D. Cooney, V. Wong, Y. Bar-Yam, Beyond contact tracing: Community-based early detection for Ebola response, PLoS Currents Outbreaks (May 19, 2016, in press).
The 2014 Ebola outbreak in west Africa raised many questions about the control of infectious disease in an increasingly connected global society. Limited availability of contact information has made contact tracing difficult or impractical in combating the outbreak. We consider the development of multi-scale public health strategies and simulate policies for community-level response aimed at early screening of communities rather than individuals, as well as travel restrictions to prevent community cross-contamination. Our analysis shows community screening to be effective even at a relatively low level of compliance. In our simulations, 40% of individuals conforming to this policy is enough to stop the outbreak. Simulations with a 50% compliance rate are consistent with the case counts in Liberia during the period of rapid decline after mid September, 2014. We also find the travel restriction policies to be effective at reducing the risks associated with compliance substantially below the 40% level, shortening the outbreak and enabling efforts to be focused on affected areas. Our results suggest that the multi-scale approach could be applied to help end the outbreaks in Guinea and Sierra Leone, and the generality of our model can be used to further evolve public health strategy for defeating emerging epidemics.
The number of infected individuals over time in a simulated epidemic including community screening. The dotted vertical line marks the beginning of the community-level screening intervention, and the different colors represent varying levels of compliance to that intervention. The greenest line represents no compliance and uninterrupted growth. Infections decline for just 40% compliance, and rapidly fall at 60%.
Theory matches Liberia epidemic: Simulated epidemic including community level intervention starting in mid September having 50 percent compliance (blue) compared to actual number of Ebola patients in Liberia (red), which adopted such an intervention.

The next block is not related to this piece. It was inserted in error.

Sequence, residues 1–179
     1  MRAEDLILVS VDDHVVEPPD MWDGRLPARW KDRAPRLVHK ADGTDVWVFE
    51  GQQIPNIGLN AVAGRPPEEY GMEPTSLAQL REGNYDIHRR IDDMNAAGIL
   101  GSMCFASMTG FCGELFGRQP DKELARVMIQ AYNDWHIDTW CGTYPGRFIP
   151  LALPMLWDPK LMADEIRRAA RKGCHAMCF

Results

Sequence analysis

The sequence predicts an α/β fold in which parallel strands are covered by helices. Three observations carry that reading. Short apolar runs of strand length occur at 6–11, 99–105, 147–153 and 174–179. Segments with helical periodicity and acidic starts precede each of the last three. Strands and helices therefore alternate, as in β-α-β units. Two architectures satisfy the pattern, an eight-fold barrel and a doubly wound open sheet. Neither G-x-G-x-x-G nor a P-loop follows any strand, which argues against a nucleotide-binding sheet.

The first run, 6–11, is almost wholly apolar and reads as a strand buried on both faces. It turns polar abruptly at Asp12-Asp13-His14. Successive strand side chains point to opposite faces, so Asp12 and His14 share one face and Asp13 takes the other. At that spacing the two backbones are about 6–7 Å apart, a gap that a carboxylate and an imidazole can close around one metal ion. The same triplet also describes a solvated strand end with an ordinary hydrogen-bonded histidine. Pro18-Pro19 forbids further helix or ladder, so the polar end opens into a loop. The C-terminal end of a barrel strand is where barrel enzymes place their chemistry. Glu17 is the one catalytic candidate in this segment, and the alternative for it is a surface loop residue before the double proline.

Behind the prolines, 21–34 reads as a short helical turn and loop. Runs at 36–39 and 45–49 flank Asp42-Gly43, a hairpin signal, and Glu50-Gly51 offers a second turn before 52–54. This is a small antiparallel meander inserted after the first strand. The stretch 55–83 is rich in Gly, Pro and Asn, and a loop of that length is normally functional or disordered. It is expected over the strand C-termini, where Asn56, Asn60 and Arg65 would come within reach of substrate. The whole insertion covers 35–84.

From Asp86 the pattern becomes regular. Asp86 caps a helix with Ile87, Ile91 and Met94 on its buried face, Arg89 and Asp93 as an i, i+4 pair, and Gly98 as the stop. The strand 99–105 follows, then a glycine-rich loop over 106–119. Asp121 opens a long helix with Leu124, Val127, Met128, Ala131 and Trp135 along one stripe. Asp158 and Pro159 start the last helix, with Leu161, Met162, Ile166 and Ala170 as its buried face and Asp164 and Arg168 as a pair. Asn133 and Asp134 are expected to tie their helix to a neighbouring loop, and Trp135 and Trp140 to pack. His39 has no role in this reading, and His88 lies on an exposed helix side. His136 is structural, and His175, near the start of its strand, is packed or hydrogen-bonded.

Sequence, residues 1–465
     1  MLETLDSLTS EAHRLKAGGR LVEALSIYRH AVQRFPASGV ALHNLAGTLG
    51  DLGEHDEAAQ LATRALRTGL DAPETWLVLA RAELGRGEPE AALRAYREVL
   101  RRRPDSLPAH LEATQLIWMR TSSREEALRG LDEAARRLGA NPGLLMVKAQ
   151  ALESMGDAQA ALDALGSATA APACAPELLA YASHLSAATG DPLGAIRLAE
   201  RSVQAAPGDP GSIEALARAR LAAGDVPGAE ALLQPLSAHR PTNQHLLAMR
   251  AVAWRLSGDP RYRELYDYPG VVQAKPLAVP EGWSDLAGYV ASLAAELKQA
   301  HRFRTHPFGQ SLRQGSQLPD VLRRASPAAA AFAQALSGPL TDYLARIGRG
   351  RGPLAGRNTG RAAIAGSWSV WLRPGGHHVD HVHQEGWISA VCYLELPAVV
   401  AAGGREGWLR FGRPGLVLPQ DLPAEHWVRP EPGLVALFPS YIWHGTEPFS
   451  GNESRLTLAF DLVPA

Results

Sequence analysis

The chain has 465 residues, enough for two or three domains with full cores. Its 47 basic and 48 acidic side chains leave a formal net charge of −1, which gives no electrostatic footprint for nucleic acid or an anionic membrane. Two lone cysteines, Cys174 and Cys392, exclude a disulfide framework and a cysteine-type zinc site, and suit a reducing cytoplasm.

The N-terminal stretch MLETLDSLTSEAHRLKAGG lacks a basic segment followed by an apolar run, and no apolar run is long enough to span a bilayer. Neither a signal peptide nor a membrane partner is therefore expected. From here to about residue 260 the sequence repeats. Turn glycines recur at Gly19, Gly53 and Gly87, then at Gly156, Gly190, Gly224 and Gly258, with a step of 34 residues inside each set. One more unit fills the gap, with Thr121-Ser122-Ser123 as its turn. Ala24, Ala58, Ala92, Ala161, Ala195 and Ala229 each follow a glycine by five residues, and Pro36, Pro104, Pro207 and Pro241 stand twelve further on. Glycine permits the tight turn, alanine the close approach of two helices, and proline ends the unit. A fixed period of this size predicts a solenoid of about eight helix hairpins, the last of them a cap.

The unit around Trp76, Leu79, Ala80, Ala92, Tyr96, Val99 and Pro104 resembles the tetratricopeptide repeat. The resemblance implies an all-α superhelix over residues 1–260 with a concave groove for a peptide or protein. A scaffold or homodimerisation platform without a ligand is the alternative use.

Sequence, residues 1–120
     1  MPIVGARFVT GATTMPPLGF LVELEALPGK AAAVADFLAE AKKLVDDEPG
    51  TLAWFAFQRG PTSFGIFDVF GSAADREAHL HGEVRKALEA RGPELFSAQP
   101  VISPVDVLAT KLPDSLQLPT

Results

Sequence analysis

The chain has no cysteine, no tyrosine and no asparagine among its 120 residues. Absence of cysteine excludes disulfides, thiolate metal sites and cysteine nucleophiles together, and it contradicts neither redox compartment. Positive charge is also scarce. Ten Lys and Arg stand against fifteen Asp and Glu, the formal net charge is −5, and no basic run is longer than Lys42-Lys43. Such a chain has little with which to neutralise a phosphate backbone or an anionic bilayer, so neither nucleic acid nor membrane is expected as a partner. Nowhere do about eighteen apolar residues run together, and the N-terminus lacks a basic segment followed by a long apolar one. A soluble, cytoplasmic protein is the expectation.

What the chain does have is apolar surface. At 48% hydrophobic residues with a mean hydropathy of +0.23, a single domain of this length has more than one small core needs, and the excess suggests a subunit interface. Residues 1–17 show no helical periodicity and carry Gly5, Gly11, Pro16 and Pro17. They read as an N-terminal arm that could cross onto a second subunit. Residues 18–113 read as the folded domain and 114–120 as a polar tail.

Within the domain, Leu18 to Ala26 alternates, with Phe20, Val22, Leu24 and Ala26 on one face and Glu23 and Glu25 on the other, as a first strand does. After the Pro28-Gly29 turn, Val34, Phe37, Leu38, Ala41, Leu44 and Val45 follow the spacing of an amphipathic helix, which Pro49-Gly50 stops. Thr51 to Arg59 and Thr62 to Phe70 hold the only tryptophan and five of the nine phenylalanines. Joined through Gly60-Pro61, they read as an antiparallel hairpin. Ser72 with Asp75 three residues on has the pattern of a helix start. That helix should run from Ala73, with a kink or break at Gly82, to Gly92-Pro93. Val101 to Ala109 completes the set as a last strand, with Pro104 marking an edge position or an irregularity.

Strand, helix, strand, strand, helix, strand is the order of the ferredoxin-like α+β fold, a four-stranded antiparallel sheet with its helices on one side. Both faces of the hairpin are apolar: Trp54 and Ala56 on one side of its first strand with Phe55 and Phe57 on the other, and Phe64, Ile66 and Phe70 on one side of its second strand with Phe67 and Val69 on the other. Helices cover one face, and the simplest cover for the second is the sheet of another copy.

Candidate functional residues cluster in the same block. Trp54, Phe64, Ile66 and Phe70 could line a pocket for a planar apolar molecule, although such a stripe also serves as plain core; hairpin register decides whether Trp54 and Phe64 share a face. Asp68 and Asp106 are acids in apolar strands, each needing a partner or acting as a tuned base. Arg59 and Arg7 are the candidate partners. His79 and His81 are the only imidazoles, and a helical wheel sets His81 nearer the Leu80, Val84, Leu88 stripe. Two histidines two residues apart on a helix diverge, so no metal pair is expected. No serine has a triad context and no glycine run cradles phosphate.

Impact of travel restrictions on epidemics: Comparison of the length of a simulated epidemic with travel restrictions (blue) and without travel restrictions (red) at various levels of compliance to a community-level intervention. Travel restrictions are able to compensate for low compliance and shorten the length of the epidemic.
Each square represents an individual: grey are uninfected but susceptible to infection; yellow are infected in the latent period and not yet infectious; red are infected and infectious; black are either deceased or recovered; and light blue are isolated by community screening policies. Colored blocks represented communities: all communities start as grey; blue have past the monitoring period and are confirmed unexposed; yellow have no active infections but are still being monitored; and red have active and infectious cases. After the outbreak is recognized, community screening is put in place. At first there are a lot of red communities, but, as containment goes into effect, red zones become surrounded by yellow and begin to contract until every community is blue, or cleared.
Confirmed Ebola cases over time by country. Video by Alfredo Morales.